Monday, August 8, 2011

Brand Lovers and Haters part 2: The Wrath of the Hater

While in San Francisco to attend the American Marketing Association conference, I stopped in to a souvenir shop on the wharf to inquire about directions to a nearby supermarket. The employ said, "There are two supermarkets around here. Both are about 4 blocks away. Safeway and Trader Joe's." Another shopper who had overheard our conversation blurted, "Don't go to Trader Joe's. They suck. Bad selection. They support fringe political agendas. I hate them." I had come across a self-professed brand hater.

Brand haters are the exact opposite of brand lovers. The won't buy the brand (or will do so very unwillingly) and go out of their way to disrupt brand building activities. They talk against the brand to family, friends, strangers, or anyone who will listen. Sometimes their efforts are organized and can lay a powerful punch to an organization; sometimes they are not. Some efforts are legit (think PETA on KFC cruelty to chickens); some are not (think rumors on the P&G being satanic propagated by Amway representatives). But haters have to be handled carefully especially given new technologies and social networks that make hater-activities easier, more sophisticated, faster, and effective. Since hater activities (negative blogging, writing scolding brand reviews, organizing boycotts etc.) are increasingly easier to do, there are more and more of these activities. With every "hating activity" the hater becomes more committed to the hate position- and the more hate positions that are out there can also translate into the position being further legitimized. The result: a group of entrenched, motivated haters.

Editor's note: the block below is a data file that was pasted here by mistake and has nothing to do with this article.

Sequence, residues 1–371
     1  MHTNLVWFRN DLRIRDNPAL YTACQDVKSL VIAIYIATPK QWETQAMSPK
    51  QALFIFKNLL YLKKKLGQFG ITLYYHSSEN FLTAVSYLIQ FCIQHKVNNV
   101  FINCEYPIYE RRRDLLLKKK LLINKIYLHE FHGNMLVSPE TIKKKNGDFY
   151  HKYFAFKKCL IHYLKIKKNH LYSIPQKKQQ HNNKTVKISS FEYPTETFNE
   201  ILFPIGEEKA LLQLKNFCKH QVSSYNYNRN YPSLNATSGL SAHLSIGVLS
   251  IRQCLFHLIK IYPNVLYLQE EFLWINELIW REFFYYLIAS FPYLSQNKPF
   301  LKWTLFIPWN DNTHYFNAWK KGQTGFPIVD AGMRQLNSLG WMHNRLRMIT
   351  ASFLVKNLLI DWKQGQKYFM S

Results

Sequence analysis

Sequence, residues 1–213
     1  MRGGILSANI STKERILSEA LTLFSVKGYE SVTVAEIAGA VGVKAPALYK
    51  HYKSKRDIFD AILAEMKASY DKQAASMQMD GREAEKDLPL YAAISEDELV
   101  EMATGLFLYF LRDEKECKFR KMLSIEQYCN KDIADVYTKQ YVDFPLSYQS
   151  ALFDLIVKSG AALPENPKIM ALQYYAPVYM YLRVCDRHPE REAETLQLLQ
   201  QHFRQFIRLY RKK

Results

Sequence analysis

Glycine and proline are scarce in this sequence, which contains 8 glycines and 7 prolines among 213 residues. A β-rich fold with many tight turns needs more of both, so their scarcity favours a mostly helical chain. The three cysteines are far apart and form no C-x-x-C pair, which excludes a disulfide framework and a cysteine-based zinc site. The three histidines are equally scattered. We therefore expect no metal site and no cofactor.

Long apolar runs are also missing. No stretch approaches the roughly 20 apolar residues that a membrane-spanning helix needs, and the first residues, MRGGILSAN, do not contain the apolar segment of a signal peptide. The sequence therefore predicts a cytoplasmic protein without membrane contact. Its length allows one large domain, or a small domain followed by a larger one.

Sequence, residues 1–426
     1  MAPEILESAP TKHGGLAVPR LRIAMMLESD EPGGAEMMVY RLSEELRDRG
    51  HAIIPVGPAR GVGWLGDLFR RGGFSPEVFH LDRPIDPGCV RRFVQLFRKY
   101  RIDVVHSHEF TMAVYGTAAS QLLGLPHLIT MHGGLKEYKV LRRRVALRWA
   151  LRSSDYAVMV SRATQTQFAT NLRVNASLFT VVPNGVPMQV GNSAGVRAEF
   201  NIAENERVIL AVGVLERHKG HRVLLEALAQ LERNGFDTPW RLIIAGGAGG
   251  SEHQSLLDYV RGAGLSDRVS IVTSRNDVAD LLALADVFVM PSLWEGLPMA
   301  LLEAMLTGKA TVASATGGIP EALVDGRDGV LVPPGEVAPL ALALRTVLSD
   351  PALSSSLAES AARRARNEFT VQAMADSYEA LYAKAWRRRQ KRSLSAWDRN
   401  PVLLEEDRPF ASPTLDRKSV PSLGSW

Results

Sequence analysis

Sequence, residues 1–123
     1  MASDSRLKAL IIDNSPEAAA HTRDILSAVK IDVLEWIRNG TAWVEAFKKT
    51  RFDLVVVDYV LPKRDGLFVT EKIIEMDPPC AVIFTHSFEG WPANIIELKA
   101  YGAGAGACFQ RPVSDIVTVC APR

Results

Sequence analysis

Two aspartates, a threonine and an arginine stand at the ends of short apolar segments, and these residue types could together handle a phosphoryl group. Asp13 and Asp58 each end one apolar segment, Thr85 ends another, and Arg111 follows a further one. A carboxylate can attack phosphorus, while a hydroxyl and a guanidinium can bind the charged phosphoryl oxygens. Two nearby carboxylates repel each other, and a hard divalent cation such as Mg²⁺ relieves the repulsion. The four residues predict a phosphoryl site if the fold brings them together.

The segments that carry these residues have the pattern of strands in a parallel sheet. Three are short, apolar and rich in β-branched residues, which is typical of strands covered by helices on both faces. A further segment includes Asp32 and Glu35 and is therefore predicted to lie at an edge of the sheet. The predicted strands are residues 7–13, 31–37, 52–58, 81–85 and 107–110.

Let's look at some hater stories and their weapons of choice:

Thomas Hawk the blogger (excerpted from futurelab):

Briefly, Thomas Hawk was shopping for a camera, found what seemed like a great deal, and tried to place an order. The company pulled some nasty stuff on him. Rather than just take it, Hawk wrote a detailed post to his blog. The post got picked up by a few other blogs and community and Internet news sites, and the whole thing absolutely erupted. There were reports people were constantly calling PriceRitePhoto to tie up their phones in support of Hawk. Hackers attacked the site. Consumers rallied and went on a rampage. They ultimately got PriceRitePhoto removed from PriceGrabber, CNET, and Yahoo! Shopping.

Then, PriceRitePhoto changed their name. Hawk busted them again by posting the new name to his blog. The story was picked up by "New York Post,", and "The New York Times." Hawk had e-mail exchanges with the Better Business Bureau and the New York Attorney General's office.